Dothead By Amit Mammadar

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Amit Majmudar’s poem “Dothead” demonstrates the stigma that the speaker experienced—as well as what many foreigners still undergo—while living as a child in a different culture by utilizing figurative language and a shift in tone from descriptive to agitated. This poem begins with a discussion format to portray an expressive tone in which he tells both his grammar school peers and the reader what his mother’s “dot” truly is (1). Though the speaker sees this colorful mark as something beautiful, the speaker’s fellow classmates see the red dot as a figurative “Chernobyl baby” because it is so strange and unfamiliar to them (5). While this dot—more properly named a bindi—has a significant meaning that the speaker understands, the other schoolchildren are unaware of this knowledge and begin to laugh at the sight of such an absurd-looking object (11-12).…show more content…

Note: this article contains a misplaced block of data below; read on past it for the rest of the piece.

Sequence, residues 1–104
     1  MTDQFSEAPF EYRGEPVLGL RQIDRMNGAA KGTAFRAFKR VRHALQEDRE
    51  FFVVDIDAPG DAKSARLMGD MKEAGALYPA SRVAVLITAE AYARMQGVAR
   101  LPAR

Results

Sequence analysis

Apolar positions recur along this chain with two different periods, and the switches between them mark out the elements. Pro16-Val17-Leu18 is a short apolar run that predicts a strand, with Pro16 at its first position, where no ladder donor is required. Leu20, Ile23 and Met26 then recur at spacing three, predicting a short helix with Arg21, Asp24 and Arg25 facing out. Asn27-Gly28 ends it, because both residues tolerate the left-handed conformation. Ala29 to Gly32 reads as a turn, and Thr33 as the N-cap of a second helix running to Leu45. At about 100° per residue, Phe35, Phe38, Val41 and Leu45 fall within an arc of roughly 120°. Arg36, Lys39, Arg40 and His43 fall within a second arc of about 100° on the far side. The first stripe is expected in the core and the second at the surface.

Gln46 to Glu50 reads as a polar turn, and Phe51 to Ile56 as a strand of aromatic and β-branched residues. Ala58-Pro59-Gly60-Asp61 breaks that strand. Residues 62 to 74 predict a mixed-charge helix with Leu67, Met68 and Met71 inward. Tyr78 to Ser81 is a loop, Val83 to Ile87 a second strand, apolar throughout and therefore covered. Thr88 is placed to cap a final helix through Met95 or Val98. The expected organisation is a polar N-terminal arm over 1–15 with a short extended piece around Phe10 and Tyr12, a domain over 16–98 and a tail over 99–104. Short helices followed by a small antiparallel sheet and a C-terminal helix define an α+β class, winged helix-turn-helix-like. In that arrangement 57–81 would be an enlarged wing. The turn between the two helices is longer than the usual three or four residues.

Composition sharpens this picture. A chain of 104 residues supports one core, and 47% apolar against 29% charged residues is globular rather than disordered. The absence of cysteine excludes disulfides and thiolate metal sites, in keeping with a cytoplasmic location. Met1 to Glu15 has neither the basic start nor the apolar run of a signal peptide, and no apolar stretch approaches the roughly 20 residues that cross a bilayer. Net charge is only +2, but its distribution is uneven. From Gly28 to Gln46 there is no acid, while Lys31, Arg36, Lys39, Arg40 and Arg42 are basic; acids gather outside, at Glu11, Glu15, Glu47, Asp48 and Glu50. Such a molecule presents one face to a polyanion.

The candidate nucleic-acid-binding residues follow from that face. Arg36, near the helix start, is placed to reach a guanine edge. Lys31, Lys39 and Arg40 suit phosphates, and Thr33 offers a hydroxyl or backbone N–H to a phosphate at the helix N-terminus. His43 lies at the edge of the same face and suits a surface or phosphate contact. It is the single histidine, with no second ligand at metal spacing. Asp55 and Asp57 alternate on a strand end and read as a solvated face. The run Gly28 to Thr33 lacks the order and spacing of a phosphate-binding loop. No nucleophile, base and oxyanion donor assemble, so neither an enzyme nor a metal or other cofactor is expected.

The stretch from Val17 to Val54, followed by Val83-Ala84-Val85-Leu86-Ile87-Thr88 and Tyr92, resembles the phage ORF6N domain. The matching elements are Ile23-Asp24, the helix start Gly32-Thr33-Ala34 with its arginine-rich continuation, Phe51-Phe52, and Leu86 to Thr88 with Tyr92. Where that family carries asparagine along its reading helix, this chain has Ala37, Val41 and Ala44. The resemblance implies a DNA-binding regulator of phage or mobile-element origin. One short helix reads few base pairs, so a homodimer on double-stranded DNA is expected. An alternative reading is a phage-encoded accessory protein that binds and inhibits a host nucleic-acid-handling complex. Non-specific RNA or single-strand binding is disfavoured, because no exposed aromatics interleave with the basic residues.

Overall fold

The speaker’s description of the friends he sits with at lunchtime as “the white kids” highlights the growing disdain for those people ignorant of his family’s Indian heritage (15). The speaker’s ensuing discussion with his classmates subtly reveals how annoyed the speaker is becoming based on the attention to detail in which the speaker remembers this seemingly innocuous conversation (17-19). Before the others can berate the speaker with more cruel questions, the speaker used a ketchup packet to create red circles on his face to frighten the others sitting nearby. Indeed, this action displays the growing belligerence the speaker feels as a minority in the school environment (24-25). The poem’s angry tone especially emerges in the speaker’s desire to see his fellow students cower with “their flesh in little puddles underneath” (28). In short, the social embarrassment the reader suffers through leads to the speaker to have a negative
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